Along this theme - and as I hinted in my entry about The Earth - I noticed that Jean is one of the few Rougon-Macquart family members to be a principle character in two novels. After thinking about the structure of the entire Cycle, this fact led me to some interesting analysis because while Nana Coupeau and Claude Lantier have notable roles in books beyond the on in which they 'star' (L'Assommoir and The Belly of Paris, respectively), there are actually only three characters who are truly the focus of more than one novel. Interestingly, these three characters each come from one of the three families in the Cycle. Jean Macquart (The EarthThe Debacle) is from the lower class Macquart family, Octave Mouret (Pot-BouilleThe Ladies' Paradise) is from the middle class Mouret family, and Aristide Saccard (The KillMoney) is a member of the wealthy/privileged Rougon family. What these three characters have in common and what their two novel vehicles share is very interesting.

Aristide, Octave, and Jean are each introduced in novels that present them within a panorama of characters used to dissect their class. In The Kill, Aristide takes a backseat to his second wife Renee amid the decadence and out of control acquisitiveness of the upper class who graft and spend their way through millions. Octave is introduced in Pot-Bouille among a vast cast of characters representing the hypocritical and social climbing middle class. In The Earth, Jean is presented as part of the peasant class, who are replete with animalistic vice and depravity. All three of these Rougon-Macquart characters are assertive and lack the laziness, inertia, or mental instabilities that undermine most other members of the family.

The second book each character appears in uses the character to speak to Zola's theme of the need for destruction and death to allow progress. For example, in Money Aristide takes center stage and his predatory nature - well-established in The Kill - achieves its fullest expression as he foments a ponzi scheme that leads to a financial meltdown. People's lives are destroyed and the economy is harmed on a large scale. Octave's lusting ambition is clearly delineated in Pot-Bouille. In The Ladies' Paradise, we see the apotheosis of this trait in his creation of a voracious department store that destroys all his competitors.

Jean's story is a bit more sympathetically presented in that he is never really part of the morass of slime Zola paints in The Earth. He comes off as a decent, hard-working man who leaves the farming community partially out of disgust. In The Debacle, this steadfastness serves him well as he survives the events of the war. Unlike the other two characters, Jean does not create the predatory or destructive forces the unfold around him. This makes sense given his low social position; he simply doesn't have the power, money, or influence to wield such force. Instead, after everything collapses, Zola presents him and his honesty and diligence as part of the growth and progress that will come after destruction has burned away corruption.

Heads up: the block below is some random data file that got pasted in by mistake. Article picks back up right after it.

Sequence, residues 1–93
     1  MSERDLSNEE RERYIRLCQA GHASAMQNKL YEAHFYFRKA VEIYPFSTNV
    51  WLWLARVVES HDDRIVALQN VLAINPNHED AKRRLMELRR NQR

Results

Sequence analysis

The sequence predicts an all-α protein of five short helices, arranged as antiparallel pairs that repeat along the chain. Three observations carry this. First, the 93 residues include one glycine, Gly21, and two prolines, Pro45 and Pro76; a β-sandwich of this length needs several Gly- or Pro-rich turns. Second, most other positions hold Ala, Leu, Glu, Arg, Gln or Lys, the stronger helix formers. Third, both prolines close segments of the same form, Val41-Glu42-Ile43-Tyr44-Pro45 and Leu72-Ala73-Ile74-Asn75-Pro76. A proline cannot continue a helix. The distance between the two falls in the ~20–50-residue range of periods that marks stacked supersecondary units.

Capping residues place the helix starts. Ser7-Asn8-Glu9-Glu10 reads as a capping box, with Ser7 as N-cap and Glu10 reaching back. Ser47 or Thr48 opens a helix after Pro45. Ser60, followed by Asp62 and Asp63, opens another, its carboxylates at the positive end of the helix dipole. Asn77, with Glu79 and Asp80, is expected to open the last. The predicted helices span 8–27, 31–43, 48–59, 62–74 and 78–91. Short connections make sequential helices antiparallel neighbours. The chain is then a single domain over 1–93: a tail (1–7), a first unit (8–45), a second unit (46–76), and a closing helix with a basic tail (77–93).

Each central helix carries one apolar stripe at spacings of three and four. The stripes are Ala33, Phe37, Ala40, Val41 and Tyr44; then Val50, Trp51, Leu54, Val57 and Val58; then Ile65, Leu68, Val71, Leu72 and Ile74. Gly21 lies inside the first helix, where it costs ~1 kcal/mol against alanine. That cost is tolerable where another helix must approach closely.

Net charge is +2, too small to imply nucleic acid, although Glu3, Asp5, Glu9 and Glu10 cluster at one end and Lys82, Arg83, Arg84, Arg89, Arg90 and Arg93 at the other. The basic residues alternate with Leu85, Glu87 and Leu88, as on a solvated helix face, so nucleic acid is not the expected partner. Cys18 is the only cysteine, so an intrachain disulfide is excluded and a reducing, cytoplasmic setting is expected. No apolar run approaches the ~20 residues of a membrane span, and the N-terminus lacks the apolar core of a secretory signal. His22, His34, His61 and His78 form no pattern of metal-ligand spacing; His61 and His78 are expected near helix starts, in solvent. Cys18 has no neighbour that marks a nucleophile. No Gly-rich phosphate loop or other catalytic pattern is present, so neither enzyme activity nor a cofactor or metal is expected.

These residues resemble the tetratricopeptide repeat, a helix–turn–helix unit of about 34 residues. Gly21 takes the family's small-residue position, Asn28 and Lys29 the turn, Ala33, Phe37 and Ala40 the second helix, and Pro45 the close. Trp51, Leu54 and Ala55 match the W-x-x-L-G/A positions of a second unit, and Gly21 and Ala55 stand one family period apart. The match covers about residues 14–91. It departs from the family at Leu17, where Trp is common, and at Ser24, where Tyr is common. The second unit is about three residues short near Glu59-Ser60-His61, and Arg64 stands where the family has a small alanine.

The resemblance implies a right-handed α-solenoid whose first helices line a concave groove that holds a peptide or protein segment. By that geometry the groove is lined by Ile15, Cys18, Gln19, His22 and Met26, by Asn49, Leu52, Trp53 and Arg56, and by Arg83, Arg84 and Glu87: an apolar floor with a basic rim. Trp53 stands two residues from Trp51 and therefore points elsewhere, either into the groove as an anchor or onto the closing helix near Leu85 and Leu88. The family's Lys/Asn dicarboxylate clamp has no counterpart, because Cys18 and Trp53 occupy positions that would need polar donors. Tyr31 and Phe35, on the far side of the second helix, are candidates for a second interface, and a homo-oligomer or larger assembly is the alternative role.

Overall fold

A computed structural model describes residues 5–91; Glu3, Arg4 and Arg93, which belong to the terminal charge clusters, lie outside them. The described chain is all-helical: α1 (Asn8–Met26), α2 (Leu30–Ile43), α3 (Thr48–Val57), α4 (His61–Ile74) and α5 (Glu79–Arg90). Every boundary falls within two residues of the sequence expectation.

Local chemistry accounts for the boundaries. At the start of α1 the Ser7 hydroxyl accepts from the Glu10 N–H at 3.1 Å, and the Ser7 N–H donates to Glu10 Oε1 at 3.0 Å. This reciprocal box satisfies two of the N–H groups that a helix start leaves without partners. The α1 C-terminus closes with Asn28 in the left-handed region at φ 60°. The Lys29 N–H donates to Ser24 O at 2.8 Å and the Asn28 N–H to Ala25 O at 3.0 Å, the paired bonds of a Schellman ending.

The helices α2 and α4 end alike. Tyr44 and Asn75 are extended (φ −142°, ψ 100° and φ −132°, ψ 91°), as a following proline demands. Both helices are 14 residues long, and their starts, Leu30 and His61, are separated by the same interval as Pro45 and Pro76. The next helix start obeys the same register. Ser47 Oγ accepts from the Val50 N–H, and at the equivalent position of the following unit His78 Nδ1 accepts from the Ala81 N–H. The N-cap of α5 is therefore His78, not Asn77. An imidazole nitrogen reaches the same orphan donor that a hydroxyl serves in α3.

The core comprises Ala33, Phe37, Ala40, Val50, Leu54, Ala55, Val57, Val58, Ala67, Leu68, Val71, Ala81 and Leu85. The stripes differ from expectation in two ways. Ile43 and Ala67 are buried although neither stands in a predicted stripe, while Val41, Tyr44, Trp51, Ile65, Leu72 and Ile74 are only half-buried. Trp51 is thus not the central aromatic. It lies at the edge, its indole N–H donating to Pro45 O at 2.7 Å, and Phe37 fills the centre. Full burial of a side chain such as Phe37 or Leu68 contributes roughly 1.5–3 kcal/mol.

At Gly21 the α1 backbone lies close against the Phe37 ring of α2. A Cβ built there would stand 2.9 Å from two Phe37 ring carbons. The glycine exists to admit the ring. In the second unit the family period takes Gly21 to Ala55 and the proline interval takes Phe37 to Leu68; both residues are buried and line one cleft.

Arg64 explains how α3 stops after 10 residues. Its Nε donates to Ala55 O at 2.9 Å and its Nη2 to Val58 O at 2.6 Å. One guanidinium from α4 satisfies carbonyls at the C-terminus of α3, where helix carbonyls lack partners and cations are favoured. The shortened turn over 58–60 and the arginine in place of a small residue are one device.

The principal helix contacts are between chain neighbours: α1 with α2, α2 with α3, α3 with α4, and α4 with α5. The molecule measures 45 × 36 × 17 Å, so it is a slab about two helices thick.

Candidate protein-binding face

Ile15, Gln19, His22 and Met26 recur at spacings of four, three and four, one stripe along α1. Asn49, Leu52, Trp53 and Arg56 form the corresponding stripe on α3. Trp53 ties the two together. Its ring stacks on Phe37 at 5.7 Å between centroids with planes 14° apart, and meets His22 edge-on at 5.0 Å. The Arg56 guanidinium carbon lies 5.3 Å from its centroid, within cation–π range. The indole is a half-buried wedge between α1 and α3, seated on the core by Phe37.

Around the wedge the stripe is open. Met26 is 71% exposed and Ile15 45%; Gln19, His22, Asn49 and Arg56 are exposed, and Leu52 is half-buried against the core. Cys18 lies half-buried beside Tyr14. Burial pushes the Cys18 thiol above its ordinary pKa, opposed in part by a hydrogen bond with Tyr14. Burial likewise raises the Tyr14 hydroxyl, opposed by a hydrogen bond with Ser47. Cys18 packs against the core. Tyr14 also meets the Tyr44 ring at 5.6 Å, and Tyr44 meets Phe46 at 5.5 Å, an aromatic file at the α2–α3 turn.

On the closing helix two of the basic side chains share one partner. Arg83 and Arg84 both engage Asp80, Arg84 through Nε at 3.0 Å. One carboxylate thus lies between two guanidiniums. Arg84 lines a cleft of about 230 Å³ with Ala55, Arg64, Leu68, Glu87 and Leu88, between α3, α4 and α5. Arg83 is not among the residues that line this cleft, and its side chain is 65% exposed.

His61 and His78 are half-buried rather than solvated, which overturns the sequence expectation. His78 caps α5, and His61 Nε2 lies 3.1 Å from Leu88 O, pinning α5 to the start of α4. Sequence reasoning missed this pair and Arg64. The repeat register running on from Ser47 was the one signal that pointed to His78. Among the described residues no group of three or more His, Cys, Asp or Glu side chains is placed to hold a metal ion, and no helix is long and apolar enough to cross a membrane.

I have to believe this two-novel device was intentional, as it is far too structurally sound to have occurred by chance. These sorts of pan-Cycle analyses - of which I've laid out several examples in my posts about the Cycle - are one of the reasons Zola's magnum opus is so impressive as a work of literary genius. The Cycle is not just a set of twenty loosely connected novels; they form a whole of which different parts resonate with others and hold together to create a structure that has emergent qualities in theme and social commentary that are not as powerfully or comprehensively spoken to within a single novel. The point of Zola's Cycle, therefore, is in the cross-referencing of characters, classes, heredity, and social institutions in understanding human society as a whole.

On a final note, another recurring characteristic of the Cycle novels is how often they speak to modern society. This is something I've noted in posts on several of the novels. The overall theme of destruction leading to progress can be applied to today's world in some disturbing ways. The culture of the United States today is in pretty bad shape: political dysfunction, yawning gaps between haves and have-nots, willful ignorance waved as a patriotic banner, and arrogant corruption flagrantly oozing out of businesses and institutions all around us. One wonders what form of destruction lies ahead for the United States in order to make room for the inevitable progress of a renewed path forward.

Zola would suggest we should not only expect such upheaval, but that we should not shed too many tears over the lives trampled as human society evolves and pushes for progress. It's not at all an idealistic or compassionate way to view human beings, but then Zola wasn't much interested in ideals. He preferred reality, uncompromised by sentiment.